KNOXVILLE, Tenn. — Across Knox County, people are receiving yellow notices in the mail notifying them that the value of their homes has changed. It's a part of the county's property value reassessment process.
The process involves looking at home sales in the specific areas and comparing those sales to other nearby homes. It also includes collecting information about specific homes, such as any renovations that were done and the size of the lot.
By analyzing all that information, the county's property assessor can arrive at a value showing what the home could be worth.
"The county's total appraisal, when you add everybody's house together, it goes up 40%," said John Whitehead, the county assessor. "Then, the tax rate has to go down 40% and the people who are right on 40%, that's where they break even."
Homeowners are flooding his office with appeals, asking assessors to reconsider the value of their property. Some people are finding that the notices show their home's values have nearly doubled, leading to concerns that their taxes could rise too.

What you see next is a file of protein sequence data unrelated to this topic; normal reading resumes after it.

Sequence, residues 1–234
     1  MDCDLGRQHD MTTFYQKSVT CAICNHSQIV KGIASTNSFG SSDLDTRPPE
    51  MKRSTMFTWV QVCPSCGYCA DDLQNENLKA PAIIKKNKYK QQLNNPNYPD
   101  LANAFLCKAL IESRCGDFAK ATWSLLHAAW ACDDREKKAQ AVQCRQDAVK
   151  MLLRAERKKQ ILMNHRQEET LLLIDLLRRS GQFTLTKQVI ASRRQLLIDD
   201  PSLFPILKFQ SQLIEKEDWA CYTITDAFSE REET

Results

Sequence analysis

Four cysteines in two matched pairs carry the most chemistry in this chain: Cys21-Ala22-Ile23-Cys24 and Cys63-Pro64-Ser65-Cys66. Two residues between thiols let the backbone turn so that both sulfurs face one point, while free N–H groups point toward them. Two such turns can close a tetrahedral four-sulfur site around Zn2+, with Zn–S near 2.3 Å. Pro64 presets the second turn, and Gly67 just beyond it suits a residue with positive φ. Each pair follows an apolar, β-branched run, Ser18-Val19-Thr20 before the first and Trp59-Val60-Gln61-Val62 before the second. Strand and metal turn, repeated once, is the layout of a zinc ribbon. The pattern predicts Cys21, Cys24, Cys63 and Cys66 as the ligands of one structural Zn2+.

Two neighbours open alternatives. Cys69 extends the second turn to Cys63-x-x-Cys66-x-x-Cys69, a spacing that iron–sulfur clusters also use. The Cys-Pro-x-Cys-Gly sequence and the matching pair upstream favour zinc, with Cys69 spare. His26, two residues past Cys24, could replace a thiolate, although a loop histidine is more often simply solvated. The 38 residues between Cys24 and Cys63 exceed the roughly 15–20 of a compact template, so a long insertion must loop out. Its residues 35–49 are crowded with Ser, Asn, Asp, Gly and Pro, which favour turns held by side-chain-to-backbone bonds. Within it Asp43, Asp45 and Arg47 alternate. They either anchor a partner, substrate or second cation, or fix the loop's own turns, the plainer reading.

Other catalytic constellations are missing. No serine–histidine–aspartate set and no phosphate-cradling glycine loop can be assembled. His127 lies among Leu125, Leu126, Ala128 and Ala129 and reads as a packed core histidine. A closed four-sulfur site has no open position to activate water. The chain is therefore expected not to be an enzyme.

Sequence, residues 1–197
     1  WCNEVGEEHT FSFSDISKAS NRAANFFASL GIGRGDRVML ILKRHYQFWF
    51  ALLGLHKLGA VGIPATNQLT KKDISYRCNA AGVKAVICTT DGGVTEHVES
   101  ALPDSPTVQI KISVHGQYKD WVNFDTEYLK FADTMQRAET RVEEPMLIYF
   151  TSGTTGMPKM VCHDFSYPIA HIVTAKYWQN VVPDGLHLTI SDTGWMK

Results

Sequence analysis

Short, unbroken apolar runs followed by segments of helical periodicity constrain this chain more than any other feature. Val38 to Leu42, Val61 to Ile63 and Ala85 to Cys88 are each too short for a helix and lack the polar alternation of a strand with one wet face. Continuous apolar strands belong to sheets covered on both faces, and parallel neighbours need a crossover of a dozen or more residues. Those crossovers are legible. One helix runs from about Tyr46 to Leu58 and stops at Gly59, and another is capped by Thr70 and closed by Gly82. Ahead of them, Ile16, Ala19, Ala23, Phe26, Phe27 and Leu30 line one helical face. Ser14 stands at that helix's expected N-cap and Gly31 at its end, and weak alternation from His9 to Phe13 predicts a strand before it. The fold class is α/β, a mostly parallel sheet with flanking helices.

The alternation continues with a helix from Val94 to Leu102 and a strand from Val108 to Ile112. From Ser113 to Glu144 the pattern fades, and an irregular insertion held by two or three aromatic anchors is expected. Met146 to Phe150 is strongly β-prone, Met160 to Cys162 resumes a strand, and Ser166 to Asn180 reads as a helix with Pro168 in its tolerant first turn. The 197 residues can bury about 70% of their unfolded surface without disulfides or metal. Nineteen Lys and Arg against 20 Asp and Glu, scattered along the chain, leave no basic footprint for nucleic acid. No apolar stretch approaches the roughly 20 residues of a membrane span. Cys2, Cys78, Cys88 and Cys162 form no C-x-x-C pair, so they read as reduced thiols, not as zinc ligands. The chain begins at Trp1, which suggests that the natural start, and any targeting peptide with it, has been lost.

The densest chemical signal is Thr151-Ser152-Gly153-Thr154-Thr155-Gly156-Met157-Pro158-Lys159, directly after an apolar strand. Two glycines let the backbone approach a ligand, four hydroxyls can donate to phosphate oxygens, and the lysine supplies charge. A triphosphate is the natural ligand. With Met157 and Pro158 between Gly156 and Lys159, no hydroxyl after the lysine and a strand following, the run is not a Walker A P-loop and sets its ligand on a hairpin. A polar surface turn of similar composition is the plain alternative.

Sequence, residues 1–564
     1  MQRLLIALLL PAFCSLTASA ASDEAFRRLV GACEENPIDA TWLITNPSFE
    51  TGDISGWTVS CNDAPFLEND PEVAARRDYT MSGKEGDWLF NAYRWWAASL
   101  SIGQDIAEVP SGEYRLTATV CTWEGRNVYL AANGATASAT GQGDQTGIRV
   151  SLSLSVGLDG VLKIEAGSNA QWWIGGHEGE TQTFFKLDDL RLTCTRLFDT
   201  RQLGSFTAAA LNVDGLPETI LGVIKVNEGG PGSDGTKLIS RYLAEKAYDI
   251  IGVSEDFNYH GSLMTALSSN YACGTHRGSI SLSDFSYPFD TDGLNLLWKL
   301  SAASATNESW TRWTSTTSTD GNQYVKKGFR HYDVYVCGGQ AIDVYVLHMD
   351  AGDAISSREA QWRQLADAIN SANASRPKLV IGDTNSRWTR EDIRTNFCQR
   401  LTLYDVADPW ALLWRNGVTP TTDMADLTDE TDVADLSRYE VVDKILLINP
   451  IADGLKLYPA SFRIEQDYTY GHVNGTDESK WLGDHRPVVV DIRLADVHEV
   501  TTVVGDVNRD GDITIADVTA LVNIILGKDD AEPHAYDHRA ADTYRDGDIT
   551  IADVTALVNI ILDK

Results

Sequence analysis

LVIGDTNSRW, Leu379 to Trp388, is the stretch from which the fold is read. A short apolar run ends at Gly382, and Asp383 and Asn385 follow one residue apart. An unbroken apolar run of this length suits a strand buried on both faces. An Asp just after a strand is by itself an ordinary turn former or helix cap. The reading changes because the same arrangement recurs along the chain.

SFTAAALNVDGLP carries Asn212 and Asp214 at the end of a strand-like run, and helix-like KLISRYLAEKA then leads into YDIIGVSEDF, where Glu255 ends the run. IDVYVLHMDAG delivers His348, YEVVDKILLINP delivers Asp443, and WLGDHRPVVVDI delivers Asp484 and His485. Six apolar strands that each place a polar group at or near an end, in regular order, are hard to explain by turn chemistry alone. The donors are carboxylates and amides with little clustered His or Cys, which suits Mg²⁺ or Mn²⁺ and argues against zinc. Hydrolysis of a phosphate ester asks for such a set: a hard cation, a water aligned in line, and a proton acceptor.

Whitehead also admitted that there could be room for error in the reassessment process. He said they could value 100 properties using just five sales in the area.
A dilapidated home should not hold the same value as a newly renovated home, even if it is on the same block, he said. So, he said people should also double-check the assessed value to ensure it seems accurate.
He said they are receiving appeals from people in a variety of ways. His office has seen appeals through email, and by phone, and they have seen property owners appeal in person.
Whitehead said he expects the office will get the most appeals they have ever had this year.
"I'd say we'll be closer to the upper side this time, because it's the most it has gone up in many, many years," he said.
Anyone who wants to appeal their assessed property value should prepare evidence and documents before appealing. He said people should bring recent pictures, sales contracts and any appraisals that had been done within a year.
People can call 865-215-2006 to appeal or email the office through its website. There is also a form online to request an appeal.